To block sunlight, thereby preventing algal growth, tanks must be opaque. If the tank is not opaque at the time of purchase, it should be painted. With continual use of the tank, sediment build up and biofilm formation might occur in the tank. It is necessary to have easy access to the tank in order to clean and perform the necessary maintenance, thereby maintaining the quality of stored rainwater. The location of the tank can have negative impacts on the quality of stored water, especially if the tank is stored underground. Tanks that are stored underground should be located 15 meters away from animal breeding grounds and any wastewater treatment-related activity.

Non-potable use of rainwater (indoor)

Non-potable uses of rainwater include flushing toilets, car washes, and also for laundry purposes. Guidelines governing microbial contamination in non-potable water are not as stringent as compared to that of potable water. However, total coliform and faecal coliform levels are still defined for non-potable water in order to ensure a general microbial quality of the water. Total coliform levels in non-potable water should be <500cfu/100mℓ and faecal coliform levels <100cfu/100mℓ (cfu = colony forming units).

Potable use of rainwater (household level)

General drinking water guidelines apply to the potable use of rainwater as well. It is critical that potable water does not contain any microbiological contaminants after undergoing treatment. There should be zero amounts of total coliforms, faecal coliforms, viruses, and protozoan cysts (Giardia sp. and Cryptosporidium sp.) found in potable rainwater.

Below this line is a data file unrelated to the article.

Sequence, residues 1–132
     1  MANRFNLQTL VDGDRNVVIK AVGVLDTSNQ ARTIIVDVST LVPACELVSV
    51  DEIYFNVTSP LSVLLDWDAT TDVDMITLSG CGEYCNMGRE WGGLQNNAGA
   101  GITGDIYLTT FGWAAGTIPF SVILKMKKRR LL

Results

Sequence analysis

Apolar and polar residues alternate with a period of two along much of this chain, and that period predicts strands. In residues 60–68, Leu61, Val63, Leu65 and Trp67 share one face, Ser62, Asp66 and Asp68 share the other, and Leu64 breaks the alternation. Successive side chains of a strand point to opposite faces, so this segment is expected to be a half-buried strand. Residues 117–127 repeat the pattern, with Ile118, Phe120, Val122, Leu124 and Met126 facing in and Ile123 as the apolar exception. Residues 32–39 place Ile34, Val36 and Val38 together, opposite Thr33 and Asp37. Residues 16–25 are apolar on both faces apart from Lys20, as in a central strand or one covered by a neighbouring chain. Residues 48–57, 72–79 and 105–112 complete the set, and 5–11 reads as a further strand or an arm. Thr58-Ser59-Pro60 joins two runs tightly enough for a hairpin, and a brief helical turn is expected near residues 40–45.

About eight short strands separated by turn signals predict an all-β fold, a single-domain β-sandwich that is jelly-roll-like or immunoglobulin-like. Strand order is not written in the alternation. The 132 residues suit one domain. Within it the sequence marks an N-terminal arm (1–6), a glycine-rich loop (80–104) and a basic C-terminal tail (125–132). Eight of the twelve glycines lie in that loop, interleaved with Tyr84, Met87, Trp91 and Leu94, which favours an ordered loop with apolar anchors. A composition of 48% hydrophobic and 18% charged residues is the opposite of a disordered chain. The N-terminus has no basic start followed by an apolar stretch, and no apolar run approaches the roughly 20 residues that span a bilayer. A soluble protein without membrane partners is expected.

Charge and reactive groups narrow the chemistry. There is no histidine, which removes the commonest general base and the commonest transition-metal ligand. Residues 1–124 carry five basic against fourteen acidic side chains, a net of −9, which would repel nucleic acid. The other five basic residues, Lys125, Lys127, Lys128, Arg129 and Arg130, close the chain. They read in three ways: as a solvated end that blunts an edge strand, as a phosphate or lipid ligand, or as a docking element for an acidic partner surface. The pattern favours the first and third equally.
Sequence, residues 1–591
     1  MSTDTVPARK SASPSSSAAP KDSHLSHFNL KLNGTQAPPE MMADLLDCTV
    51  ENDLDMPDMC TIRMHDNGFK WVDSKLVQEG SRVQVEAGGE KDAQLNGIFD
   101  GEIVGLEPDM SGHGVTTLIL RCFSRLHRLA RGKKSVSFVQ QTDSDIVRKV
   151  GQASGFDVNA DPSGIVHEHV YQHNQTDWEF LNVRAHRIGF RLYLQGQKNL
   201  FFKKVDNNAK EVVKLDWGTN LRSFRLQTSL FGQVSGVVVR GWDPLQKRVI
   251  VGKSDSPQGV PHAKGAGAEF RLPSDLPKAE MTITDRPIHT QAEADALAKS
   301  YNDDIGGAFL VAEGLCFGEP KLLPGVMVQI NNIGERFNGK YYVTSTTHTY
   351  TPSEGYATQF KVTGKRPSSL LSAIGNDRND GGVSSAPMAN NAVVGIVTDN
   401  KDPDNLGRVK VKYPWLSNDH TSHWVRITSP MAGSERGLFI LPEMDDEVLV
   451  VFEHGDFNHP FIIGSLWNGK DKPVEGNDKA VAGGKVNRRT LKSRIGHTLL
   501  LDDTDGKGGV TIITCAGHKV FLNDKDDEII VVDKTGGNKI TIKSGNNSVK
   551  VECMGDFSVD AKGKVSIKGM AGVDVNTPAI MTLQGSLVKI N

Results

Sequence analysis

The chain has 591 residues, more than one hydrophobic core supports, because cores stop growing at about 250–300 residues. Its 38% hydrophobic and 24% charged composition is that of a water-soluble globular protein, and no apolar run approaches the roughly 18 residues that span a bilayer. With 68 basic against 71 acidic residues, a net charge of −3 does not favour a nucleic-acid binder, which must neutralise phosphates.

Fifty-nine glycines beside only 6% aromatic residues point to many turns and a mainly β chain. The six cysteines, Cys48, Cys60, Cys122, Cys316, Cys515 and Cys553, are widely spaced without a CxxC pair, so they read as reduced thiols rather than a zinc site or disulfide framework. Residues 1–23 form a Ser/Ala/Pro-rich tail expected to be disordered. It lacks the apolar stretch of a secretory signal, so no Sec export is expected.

The turbidity of water is an indicator of the amount of organic and inorganic material, plankton, clay, and silt in a particular water sample. A high turbidity level of a particular water sample is often linked with a greater chance of microbial contamination. Turbidity often interferes with the water disinfection process and hence it is preferable to have the lowest turbidity as possible for drinking water, preferably <1 Nephelometric Turbidity Units (NTU).

Potable use of rainwater (water distribution systems)

It is critical that rainwater that will be used for potable use within the public water distribution system meets the same criteria as that of other sources of water used in the water distribution system. Once source water (in this case rainwater) has been shown to be of a potable standard for use in a public distribution system, there are other inbuilt mechanisms within a distribution system that then ensure that the quality of water that comes out of the tap is not compromised.

One such system is the Blue Drop Certification Programme, which is a nationwide programme designed with a list of regulatory criteria, which, when implemented in conjunction with South African Drinking Water Guidelines (DWAF, 1996), ensures that excellent drinking water is produced by a given water distribution system.

Table 2: Rainwater use in public water distribution systems: suggested minimum water quality guidelines for potable and non-potable use.
Table 3.4 Rainwater use in Public Water Distribution Systems